Spain and Catalonia’s independence standoff


Ayushi Balan, Staff Writer

The Catalan Parliament approved an independence referendum that went ahead on Oct. 1, despite the Spanish Constitutional Court’s orders, which suspended the referendum at the appeal of the Spanish Government.

Catalonia is an autonomous region in northeast Spain that has its own distinct language, history, culture, and flag. Catalonia has also survived Francisco Franco’s brutal attempts to repress the Catalan language decades after the Spanish Civil War. The majority of Catalonian people fear that their language and culture is not sufficiently respected by the Spanish Central Government. Now, Catalonia is taxed at around 17 billion euros every year, which makes Catalonia the highest taxed region in all of Spain.

Spanish teacher Lisette Parreño believes that the Catalans should have the right to protest their high taxes.

“Now, Catalonia has the highest taxes of all of the regions of Spain, no matter if you’re rich or poor, which is unfair,” Parreño said. “One of my friends was telling me that even though they are the highest taxed region, that money is never invested in Catalonia, it’s given to other regions, and so they don’t get back as much. I’ve been to Catalonia, and I’ve noticed that they have the dirtiest roads, etc. It needed more infrastructure.”

Conversely, the Spanish Central Government sees Catalonia as an important economic region, since it accounts for a fifth of Spain’s economic output and holds many natural resources.

Junior Trent Mueller believes that though Catalonia has a reason to protest and demand independence, Catalonia leaving Spain would incapacitate Spain’s economy.

“Both Spain and Catalonia have legitimate claims to the region and unfortunately, as is often true in such affairs, there is no right answer,” Mueller said. “Catalonia is unique enough from the rest of Spain that in most situations it wouldn’t be a question, but if they did leave it would absolutely cripple the Spanish economy.”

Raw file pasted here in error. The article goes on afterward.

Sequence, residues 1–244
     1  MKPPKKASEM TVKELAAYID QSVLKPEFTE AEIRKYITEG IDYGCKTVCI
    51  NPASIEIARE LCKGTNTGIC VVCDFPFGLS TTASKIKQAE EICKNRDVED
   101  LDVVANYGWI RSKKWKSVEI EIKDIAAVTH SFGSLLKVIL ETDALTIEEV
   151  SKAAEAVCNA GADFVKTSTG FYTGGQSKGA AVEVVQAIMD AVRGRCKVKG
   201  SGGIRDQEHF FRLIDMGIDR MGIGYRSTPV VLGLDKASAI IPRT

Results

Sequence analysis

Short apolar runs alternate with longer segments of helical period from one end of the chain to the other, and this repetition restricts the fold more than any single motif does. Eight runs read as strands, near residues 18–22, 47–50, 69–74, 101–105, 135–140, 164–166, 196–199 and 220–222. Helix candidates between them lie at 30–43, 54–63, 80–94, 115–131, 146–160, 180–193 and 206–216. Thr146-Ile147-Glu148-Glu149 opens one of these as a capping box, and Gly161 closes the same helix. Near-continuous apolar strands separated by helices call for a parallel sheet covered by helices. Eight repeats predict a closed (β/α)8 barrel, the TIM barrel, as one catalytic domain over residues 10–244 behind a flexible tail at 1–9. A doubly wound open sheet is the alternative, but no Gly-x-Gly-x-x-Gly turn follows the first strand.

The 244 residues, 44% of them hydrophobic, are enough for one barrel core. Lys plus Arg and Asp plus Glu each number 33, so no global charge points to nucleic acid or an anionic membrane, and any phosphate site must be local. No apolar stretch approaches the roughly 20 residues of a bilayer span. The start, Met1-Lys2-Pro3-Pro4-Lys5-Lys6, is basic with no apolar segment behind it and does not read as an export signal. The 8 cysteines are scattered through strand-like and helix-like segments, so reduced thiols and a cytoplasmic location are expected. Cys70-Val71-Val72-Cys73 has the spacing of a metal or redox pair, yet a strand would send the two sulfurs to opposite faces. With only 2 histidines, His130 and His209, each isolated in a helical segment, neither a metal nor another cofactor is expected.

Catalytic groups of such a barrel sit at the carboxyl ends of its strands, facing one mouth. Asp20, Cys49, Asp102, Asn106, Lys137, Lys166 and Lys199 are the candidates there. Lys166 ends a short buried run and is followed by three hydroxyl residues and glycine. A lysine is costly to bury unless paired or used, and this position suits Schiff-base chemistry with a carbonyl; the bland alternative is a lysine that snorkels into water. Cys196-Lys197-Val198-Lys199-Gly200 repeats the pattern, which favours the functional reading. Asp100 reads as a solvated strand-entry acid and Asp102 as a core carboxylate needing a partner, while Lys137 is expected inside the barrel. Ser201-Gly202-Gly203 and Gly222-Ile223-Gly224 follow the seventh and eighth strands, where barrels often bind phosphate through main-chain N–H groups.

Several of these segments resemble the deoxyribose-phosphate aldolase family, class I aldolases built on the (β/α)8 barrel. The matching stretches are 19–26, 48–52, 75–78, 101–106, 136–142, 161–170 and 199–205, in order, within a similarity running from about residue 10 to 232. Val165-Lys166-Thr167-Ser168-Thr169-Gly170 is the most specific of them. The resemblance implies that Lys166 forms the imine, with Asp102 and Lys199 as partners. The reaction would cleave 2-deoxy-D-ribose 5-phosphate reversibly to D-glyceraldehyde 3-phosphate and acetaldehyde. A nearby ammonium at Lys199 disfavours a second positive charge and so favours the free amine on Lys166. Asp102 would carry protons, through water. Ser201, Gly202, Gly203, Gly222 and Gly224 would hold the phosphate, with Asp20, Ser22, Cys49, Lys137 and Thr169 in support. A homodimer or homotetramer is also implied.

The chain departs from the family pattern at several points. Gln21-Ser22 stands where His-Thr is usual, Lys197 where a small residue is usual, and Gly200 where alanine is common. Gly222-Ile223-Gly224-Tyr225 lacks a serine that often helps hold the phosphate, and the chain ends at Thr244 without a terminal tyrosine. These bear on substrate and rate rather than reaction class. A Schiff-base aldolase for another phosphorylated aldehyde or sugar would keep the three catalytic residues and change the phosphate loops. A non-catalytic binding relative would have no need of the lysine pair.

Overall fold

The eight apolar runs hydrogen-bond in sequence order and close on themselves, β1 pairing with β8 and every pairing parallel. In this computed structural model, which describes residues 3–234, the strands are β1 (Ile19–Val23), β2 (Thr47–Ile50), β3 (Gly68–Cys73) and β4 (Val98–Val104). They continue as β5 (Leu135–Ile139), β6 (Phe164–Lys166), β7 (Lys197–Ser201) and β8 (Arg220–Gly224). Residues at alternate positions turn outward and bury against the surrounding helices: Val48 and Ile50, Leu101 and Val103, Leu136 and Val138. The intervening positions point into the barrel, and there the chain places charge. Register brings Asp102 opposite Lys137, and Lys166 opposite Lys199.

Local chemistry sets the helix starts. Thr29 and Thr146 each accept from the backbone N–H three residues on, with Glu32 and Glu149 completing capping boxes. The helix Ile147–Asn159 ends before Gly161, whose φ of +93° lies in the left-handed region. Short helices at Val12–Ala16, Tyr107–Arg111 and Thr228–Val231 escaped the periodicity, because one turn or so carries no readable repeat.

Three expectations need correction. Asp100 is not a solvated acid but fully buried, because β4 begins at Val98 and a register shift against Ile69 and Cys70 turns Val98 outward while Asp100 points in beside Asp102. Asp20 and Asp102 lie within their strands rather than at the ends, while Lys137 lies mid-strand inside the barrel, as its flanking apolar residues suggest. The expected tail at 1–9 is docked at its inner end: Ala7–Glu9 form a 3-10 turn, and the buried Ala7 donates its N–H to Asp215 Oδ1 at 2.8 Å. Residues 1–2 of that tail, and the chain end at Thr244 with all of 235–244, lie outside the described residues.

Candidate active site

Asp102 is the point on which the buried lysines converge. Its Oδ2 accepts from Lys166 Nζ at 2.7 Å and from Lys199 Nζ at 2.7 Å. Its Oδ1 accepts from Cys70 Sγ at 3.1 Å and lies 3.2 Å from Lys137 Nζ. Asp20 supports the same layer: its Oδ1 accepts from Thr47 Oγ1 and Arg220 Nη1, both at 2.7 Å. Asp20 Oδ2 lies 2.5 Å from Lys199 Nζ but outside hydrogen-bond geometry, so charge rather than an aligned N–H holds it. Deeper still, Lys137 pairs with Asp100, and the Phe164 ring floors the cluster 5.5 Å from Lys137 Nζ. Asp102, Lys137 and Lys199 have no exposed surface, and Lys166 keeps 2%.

Moreover, Catalonia is 42 billion euros in debt from European Union (EU) structural funds, and if Catalonia became an independent country, they would have to be forced to apply to the EU’s bail-out mechanism, which would increase the costs of the armed forces and diplomatic services.

Just under 90 percent of the voters backed independence according to the Catalan authorities. However, the independence referendum turnout was only 43 percent of Catalonia’s total population. Spain’s Prime Minister Mariano Rajoy cited this statistic and argued that more than 50 percent of Catalonia’s population doesn’t care enough about Catalonia’s independence to even vote. He has also accused the Catalonian Parliament as those who have “taken self-government outside the law and the constitution.”

On the other hand, the Catalonian Parliament blamed the Spanish National Police. Carles Puigdemont, the president of the Government of Catalonia, stated that a low voter turnout had occurred because people were afraid of the Spanish National Police’s attempts to bar polling stations. As voters clashed with the police, chaos erupted, with the police using rubber bullets and batons. 38 civilians and 11 police officers were injured.

Nine days after the referendum on Oct. 10, Catalan leaders declared Catalonia an independent republic, and then immediately suspended its implementation. Puigdemont claimed that Catalonia had done so in order to promote discussion with the Spanish government.

Freshman Palak Khera comments on how she would like the topic of Catalonia’s substantial debt to be discussed between the Catalonian and Spanish governments.

“I think that Catalonia should be an independent nation,” Khera said. “But, since Catalonia owes money to Spain, I think Spain and Catalonia can make an agreement to decrease the amount of debt they owe.”

Despite Catalonia’s efforts to promote discussion, last Saturday during an emergency cabinet meeting, the Spanish Government announced that they are triggering Article 155 of the Spanish Constitution, which allows the Spanish central government to impose direct rule on any of the country’s autonomous regions during a crisis. Prime Minister Mariano Rajoy stopped short of completely dissolving Catalonia’s Parliament, but is putting forward plans to remove Carles Puigdemont from his position and hold re-elections. These measures must now be approved by the Senate in the next few days to go into implementation.

If Spain follows through with their implementation of Article 155, it is unclear if they will be able to suppress the Catalan’s desire for independence and if the issue will be resolved with minimal violence.